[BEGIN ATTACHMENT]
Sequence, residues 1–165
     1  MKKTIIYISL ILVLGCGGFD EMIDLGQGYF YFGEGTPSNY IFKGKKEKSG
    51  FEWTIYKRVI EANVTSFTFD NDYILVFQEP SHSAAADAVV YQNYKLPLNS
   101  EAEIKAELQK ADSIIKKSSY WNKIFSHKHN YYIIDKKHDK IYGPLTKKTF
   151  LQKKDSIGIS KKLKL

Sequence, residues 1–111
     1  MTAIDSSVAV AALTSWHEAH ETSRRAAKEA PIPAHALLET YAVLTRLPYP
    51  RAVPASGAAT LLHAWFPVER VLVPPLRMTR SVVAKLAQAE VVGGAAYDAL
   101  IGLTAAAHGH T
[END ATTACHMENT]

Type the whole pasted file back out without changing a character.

Sequence, residues 1–165
     1  MKKTIIYISL ILVLGCGGFD EMIDLGQGYF YFGEGTPSNY IFKGKKEKSG
    51  FEWTIYKRVI EANVTSFTFD NDYILVFQEP SHSAAADAVV YQNYKLPLNS
   101  EAEIKAELQK ADSIIKKSSY WNKIFSHKHN YYIIDKKHDK IYGPLTKKTF
   151  LQKKDSIGIS KKLKL

Sequence, residues 1–111
     1  MTAIDSSVAV AALTSWHEAH ETSRRAAKEA PIPAHALLET YAVLTRLPYP
    51  RAVPASGAAT LLHAWFPVER VLVPPLRMTR SVVAKLAQAE VVGGAAYDAL
   101  IGLTAAAHGH T